Good Samaritan acts of compassion, along with a plethora of ‘good works’, themselves the result of salvation, rather than the cause of salvation, from the Christian perspective, are promoted and emulated, imitated and adulated in a culture fraught with the fear of failure, however that failure, whether here and now, or in an afterlife. That is not to argue against authentic altruism, which abounds among millions of philanthropics, and the kindnesses of care and compassion among and between friends and families. And, to be sure, there is a deep resonance of ‘certainty’ in the course of enacting a noble authentic act of compassion or empathy.

However, this cultural elevation of ‘ego’ as the master-controller of our existence, is quite flawed, and perhaps even, ironically a self-sabotage. The ambiguity, uncertainty, and ‘not-knowing’ of something variously known as ‘surrender’ from a psychological and spiritual perspective is a dynamic (perhaps the antithesis of dynamic, a state of stasis) with which the contemporary western world is unfamiliar, resistance, abhorrent, or even in total and absolute denial.

What would the beginning act of ‘surrendering’ our ego even look like? For starters, it would begin with the notion that both our own, and all others’ person is not defined by our personality. Whether or not we are or appear to be arrogant or selfish, or narcissistic, or insecure, or (and this one really digs!) ‘troubled,’ would not be the ‘first thing’ that comes to mind, that enters into our conversation when speaking about a person we ‘know’ in common. Not as a way of denying the personality and the ‘ego’ but as a way of resisting the reduction of both ourself and another to a mere ‘flimsy, glib, and cardboard-like descriptive,’ we might find new ways of perceiving ‘the other’ and even more importantly, new ways of ‘identifying’ who we are from the perspective of our inner consciousness, and in possible, our unconscious. Cliches like ‘we are all broken,’ while not uttered and perceived in malice, fail to accomplish the kind of surrender that might emerge from a perception and approach that sees behind and/or beyond the personality.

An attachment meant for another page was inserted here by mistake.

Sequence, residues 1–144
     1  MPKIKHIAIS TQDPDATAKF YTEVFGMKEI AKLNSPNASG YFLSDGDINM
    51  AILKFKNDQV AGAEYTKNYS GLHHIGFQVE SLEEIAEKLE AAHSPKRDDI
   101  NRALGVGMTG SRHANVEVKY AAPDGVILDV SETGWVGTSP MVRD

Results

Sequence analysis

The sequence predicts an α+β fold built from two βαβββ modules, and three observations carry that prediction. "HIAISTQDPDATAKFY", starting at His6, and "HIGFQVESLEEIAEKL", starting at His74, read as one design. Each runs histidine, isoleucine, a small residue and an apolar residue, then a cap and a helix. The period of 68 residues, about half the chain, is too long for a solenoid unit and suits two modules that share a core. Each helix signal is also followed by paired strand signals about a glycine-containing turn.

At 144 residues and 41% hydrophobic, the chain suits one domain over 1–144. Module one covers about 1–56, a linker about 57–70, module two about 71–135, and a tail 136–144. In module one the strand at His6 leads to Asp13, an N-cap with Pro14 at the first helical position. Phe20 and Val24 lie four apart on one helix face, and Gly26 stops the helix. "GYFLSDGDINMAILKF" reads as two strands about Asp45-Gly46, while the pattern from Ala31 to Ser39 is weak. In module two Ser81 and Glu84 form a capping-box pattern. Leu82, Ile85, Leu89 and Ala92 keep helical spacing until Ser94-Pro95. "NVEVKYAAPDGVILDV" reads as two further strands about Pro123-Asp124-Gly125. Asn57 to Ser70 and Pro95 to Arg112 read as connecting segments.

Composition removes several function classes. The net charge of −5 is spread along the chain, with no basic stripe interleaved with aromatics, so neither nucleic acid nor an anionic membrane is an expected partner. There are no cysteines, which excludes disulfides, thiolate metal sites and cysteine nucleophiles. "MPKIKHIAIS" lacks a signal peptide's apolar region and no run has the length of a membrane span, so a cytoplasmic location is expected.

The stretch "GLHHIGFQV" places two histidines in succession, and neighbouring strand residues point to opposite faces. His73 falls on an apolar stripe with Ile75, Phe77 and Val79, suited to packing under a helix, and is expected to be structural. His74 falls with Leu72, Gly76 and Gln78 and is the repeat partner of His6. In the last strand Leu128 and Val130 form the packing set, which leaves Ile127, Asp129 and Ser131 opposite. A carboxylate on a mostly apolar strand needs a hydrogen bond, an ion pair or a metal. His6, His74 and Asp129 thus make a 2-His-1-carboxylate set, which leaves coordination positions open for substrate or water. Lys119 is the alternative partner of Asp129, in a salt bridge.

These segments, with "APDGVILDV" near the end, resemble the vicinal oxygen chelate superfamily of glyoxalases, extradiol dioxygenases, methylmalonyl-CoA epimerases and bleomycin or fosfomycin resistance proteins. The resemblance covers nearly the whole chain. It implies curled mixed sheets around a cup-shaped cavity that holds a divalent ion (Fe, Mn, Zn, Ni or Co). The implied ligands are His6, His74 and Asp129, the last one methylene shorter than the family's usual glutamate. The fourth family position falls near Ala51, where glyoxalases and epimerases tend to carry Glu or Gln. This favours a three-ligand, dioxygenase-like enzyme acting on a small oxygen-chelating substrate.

If we could begin to acknowledge how demeaning and how dismissive are those adjectives that we all use as our ‘window’ and then our ‘decision’ about how to engage and to ‘treat’ the other, the high value we all place on the ‘nature’ (from such a fleeting, and falsely objective and judging perspective) of each of the persons we encounter, we might begin to shed the illusion of ‘knowing’ that other person, an illusion we all know we participate in expressing and thereby enhancing. In bald terms, we really do not ‘know’ the other person, unless and until we have spent considerable time in her/his presence, listening, watching, sensing and even intuiting and imagining another deeper level of that person.

This hypothetical exercise cannot happen, however, unless we all move in the direction of seeing beyond and behind the mask we all wear. Of course, we will not be either able or willing to bare our deepest secrets with everyone; suffice it to say that we can, hopefully, with those we hold dear. And, in holding those in a more unknowing and non-judgemental ‘place’ in our mind and heart, there is the possibility that we will learn to know ourselves even more deeply.

There is another aspect of this ‘not-knowing’ that may be even more significant than the impact on interpersonal relations. If we can ‘see’ and ‘acknowledge’ and operate in a mind-set and perspective that, while we really cannot know ‘fully’ or completely, how the universe works, or how we relate to the ineffable, inexorable, impenetrable and inexhaustible mystery of whatever we wish to call it, Tao, Braham, God, Yahweh, Buddha, Allah, we are open to the infinite both in that mystery and in the mystery of ‘the other’ as well as the mystery of the being I am. Having begun the process of moving away from a ‘personal’ relationship with other persons, (based on the perception of minimal and superficial information) and, then becoming more open and receptive to the not-knowing of ourselves, of the other and finally of the infinite, ineffable mystery of the universe, we need not to surrender any notion that the universe is without ‘plan’ or ‘order’ or processes all of which we can observe, acknowledge, and attempt to integrate into our world-view, our theology, our philosophy and our identity.